The Natural History of Edward Lear


Robert McCracken Peck

Regular price €35.00

Published David R Godline 2016                                                                                         ISBN 978-1567925838                                                                                                           224 pages

Edward Lear, if recognized at all, is most commonly remembered as the endearing master of nonsense verse (e.g. the owl and the pussycat who went to sea in a pea-green boat) and for his enduring limericks (he virtually invented the form). But the first manifestation of his genius was his penchant for drawing-and especially for capturing animals directly from life. He was, like many of his English contemporaries, precocious, displaying his talent at a shockingly early age and publishing his first book, a monograph on the parrot family, when he was only eighteen. In it, he created what is still acknowledged as one of the premier, early works of lithography (Lear worked directly on the stones) and established a format that would be followed for decades by such publishers as Gould, with whom he worked closely and often anonymously. But the first decade of his artistic life was primarily devoted to creating works of natural history, working with the infrastructure of British scientists, collectors, and publishers who made that country the nexus for scientific investigation and its dissemination for much of the nineteenth century.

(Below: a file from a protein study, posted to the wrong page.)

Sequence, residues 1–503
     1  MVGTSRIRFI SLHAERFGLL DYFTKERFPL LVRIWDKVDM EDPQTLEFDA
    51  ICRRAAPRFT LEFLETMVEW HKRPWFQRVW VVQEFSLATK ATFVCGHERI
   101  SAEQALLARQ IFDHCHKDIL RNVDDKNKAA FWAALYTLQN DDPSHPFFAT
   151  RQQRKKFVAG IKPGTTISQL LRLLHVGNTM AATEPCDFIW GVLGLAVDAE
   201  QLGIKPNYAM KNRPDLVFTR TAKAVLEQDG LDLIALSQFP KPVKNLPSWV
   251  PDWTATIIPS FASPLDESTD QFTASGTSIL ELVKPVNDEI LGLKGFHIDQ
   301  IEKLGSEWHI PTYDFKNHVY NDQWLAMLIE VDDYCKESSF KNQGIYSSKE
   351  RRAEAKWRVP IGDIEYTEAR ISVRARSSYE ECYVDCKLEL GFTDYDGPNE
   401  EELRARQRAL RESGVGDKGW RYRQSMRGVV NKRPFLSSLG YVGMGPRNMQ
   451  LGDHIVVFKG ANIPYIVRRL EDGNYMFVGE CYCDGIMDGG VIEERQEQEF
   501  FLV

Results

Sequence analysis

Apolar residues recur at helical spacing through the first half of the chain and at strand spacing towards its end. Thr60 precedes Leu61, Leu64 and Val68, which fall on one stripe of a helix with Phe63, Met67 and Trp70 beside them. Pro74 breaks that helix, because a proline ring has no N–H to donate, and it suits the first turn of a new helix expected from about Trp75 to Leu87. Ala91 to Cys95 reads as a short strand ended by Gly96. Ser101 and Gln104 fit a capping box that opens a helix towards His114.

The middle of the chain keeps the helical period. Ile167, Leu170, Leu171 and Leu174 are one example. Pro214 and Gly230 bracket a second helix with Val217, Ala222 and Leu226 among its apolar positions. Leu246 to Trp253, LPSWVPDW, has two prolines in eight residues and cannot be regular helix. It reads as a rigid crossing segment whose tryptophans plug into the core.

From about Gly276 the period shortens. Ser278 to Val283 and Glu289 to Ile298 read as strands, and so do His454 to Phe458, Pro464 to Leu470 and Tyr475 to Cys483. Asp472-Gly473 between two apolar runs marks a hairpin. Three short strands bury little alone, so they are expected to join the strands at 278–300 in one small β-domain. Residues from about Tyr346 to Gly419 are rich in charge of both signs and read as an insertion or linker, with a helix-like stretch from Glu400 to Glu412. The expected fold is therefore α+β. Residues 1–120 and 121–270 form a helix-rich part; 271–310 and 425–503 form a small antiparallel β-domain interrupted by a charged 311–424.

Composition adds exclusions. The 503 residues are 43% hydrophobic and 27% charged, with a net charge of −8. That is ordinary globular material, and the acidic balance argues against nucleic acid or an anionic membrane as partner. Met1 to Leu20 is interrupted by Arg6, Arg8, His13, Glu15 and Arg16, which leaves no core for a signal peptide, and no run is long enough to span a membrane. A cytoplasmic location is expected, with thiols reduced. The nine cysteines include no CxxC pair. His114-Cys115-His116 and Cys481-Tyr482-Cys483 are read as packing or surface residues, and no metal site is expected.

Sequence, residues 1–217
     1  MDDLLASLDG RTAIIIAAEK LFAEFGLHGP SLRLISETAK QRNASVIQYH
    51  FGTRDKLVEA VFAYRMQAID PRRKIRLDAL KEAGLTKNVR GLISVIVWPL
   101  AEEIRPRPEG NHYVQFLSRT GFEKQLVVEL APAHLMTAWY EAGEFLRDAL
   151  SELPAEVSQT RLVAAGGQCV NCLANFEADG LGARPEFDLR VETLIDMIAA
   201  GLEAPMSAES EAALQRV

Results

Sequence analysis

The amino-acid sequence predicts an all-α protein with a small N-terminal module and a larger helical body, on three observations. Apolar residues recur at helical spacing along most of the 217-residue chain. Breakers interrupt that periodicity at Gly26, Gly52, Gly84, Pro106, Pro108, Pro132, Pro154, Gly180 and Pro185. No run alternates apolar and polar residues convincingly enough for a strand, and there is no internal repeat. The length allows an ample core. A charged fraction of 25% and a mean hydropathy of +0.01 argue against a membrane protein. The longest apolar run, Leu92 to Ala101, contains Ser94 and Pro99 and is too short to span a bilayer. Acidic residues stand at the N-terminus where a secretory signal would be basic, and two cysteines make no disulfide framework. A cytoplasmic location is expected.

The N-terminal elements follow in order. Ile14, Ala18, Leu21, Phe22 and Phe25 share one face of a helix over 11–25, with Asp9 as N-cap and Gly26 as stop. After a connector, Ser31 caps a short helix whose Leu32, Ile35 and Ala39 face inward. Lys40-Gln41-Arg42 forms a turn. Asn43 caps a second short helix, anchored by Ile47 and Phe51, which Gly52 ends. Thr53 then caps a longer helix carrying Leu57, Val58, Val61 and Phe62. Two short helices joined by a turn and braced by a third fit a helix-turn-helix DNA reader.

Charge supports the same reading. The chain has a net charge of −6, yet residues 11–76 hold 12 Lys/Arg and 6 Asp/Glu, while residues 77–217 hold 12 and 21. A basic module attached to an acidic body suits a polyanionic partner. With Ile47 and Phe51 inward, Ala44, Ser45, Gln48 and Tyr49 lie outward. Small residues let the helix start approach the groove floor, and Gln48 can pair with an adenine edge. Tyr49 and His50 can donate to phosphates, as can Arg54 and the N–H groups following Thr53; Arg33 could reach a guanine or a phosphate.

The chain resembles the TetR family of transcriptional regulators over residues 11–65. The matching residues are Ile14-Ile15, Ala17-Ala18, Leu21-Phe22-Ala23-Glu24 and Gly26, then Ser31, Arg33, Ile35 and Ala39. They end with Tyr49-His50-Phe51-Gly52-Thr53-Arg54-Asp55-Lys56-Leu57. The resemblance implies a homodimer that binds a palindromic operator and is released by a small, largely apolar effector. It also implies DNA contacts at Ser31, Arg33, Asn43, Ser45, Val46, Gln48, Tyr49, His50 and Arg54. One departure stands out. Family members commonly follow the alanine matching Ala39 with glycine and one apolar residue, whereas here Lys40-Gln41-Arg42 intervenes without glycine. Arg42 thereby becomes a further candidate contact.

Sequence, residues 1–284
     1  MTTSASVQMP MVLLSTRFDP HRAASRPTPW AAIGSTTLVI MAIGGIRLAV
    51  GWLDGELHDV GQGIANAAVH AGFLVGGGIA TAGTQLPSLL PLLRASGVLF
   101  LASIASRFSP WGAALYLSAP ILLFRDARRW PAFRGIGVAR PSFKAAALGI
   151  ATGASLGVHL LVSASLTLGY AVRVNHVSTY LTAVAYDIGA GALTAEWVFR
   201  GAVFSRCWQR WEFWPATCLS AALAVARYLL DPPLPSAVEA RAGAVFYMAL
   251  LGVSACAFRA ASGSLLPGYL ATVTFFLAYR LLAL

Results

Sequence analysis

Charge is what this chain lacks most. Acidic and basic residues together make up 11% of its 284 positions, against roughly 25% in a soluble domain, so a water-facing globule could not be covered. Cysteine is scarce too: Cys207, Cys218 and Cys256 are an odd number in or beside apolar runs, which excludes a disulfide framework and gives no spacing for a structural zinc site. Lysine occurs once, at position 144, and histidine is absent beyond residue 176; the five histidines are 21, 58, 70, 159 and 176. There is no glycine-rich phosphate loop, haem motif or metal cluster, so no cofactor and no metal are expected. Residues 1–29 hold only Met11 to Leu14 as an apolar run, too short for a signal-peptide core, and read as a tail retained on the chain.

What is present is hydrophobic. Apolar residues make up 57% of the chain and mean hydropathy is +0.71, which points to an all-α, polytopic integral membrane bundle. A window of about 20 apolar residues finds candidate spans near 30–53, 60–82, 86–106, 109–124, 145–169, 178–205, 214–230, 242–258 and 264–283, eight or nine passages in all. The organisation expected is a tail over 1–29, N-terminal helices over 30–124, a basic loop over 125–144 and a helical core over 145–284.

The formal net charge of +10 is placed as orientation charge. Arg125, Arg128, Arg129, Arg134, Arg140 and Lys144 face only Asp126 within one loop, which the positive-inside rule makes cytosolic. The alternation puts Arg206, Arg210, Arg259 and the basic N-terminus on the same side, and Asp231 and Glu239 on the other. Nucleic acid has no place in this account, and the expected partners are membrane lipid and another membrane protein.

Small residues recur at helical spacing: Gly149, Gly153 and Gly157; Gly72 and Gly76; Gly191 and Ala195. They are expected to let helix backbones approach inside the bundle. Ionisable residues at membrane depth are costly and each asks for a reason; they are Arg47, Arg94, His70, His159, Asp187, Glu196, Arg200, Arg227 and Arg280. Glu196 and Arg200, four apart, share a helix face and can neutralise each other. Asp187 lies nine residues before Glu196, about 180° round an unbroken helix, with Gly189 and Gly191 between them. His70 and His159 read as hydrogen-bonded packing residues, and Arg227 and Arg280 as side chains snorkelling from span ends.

Augmented by over 200 full-color illustrations, many of them drawn from the extraordinary collection at the Houghton Library at Harvard, extended to include the influence Lear has had on such modern artists and illustrators as Walton Ford and Tony Foster, and enlivened by a Foreword by Sir David Attenborough, this book goes far beyond the scope of a dry scholarly study. It is a fascinating exploration of the dawn of natural history's golden age of color, made more so by Lear's humor, travels, friends, and his extravagant gifts as an artist.